IRS Announces Tax Relief to Texans due to Severe Winter Weather

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Matthew L. Roberts

Matthew L. Roberts



Mr. Roberts is a Principal of the firm. He devotes a substantial portion of his legal practice to helping his clients successfully navigate and resolve their federal tax disputes, either administratively, or, if necessary, through litigation. As a trusted advisor he has provided legal advice and counsel to hundreds of clients, including individuals and entrepreneurs, non-profits, trusts and estates, partnerships, and corporations.

Having served nearly three years as an attorney-advisor to the Chief Judge of the United States Tax Court in Washington, D.C., Mr. Roberts leverages his unique insight into government processes to offer his clients creative, innovative, and cost-effective solutions to their tax problems. In private practice, he has successfully represented clients in all phases of a federal tax dispute, including IRS audits, appeals, litigation, and collection matters. He also has significant experience representing clients in employment tax audits, voluntary disclosures, FBAR penalties and litigation, trust fund penalties, penalty abatement and waiver requests, and criminal tax matters.

Often times, Mr. Roberts has been engaged to utilize his extensive knowledge of tax controversy matters to assist clients in their transactional matters. For example, he has provided tax advice to businesses on complex tax matters related to domestic and international transactions, formations, acquisitions, dispositions, mergers, spin-offs, liquidations, and partnership divisions.

In addition to federal tax disputes, Mr. Roberts has represented clients in matters relating to white-collar crimes, estate and probate disputes, fiduciary disputes, complex contractual and settlement disputes, business disparagement and defamation claims, and other complex civil litigation matters.

One of the most devastating major winter storms in the history of the State of Texas has finally passed.  Recognizing the significant emotional and financial toll the storm has taken on Texans, the IRS recently released an announcement indicating that residents and businesses in all 254 Texas counties may qualify for tax relief.  See TX-2021-02 (Feb. 22, 2021).  This Insight summarizes some of the more noteworthy relief provisions.

Postponement of Certain Tax Deadlines

Both the Internal Revenue Code and the governing regulations provide authority for the IRS to provide relief to those affected by a federally declared disaster.  Exercising this authority, the IRS has declared that certain taxpayers “that reside or have a business in all 254 Texas counties qualify for tax relief.”  These taxpayers include:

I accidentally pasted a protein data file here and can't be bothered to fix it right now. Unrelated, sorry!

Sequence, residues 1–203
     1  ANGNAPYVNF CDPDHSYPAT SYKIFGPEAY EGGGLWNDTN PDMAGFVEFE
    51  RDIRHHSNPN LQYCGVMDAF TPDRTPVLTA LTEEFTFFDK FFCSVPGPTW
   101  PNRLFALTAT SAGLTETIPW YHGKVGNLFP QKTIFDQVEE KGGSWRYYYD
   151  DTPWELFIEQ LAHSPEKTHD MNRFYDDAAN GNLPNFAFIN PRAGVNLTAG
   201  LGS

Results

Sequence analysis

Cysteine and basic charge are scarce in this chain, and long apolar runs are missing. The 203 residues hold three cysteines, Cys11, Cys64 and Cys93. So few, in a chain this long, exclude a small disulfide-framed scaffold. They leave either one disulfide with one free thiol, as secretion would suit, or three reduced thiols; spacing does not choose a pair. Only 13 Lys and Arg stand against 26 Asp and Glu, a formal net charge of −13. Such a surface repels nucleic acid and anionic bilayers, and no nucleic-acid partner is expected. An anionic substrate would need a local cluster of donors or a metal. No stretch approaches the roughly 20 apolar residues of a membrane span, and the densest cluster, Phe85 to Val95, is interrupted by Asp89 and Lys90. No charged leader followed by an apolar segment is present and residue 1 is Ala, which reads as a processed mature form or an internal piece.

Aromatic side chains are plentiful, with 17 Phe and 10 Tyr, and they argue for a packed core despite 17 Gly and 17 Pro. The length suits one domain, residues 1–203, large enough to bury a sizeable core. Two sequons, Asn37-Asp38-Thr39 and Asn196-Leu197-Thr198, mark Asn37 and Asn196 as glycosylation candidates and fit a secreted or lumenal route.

If the taxpayer fits within one of the specific categories above, the taxpayer has until June 15, 2021, to file most tax returns (including individual, corporate, and estate and trust income tax returns; partnership returns, S corporation returns, and trust returns; estate, gift, and GST tax returns; annual information returns of tax-exempt organizations; and employment and certain excise tax returns), that have either an original or extended due date occurring on or after February 11, 2021 and before June 15, 2021.

In addition, these affected taxpayers are given an extension of time to make estimated income tax payments originally due on or after February 11, 2021, and before June 15, 2021—these payments are now due through June 15, 2021.  Significantly, the IRS will not impose penalties for failure-to-pay estimated tax payments during this time, provided the payments are made on or before June 15, 2021.

Other Time-Sensitive Taxpayer Actions Extended 

The announcement also indicates that the IRS will give affected taxpayers until June 15, 2021, to perform other time-sensitive actions described in Treas. Reg. § 301.7508A-1(c)(1) that are due to be performed on or after February 11, 2021 and before June 15, 2021.  These are similarly extended until June 15, 2021, and include:

Casualty Losses.

Qualifying taxpayers above also have the option to claim disaster-related casualty losses on their federal income tax returns for either the year in which the event occurred, or the prior year (i.e. to accelerate the losses).  For those taxpayers claiming a disaster loss on a 2020 return, they should put the Disaster Designation, “Texas—Severe Winter Storms,” in bold letters at the top of the form.  In addition, the disaster declaration number, FEMA 4586, should be included on the return.

IRS Collection or Examination Matters.

The IRS advises affected taxpayers who are contacted by the IRS in a collection or examination matter to explain how the disaster impacts them so that the IRS can provide appropriate consideration to their case.

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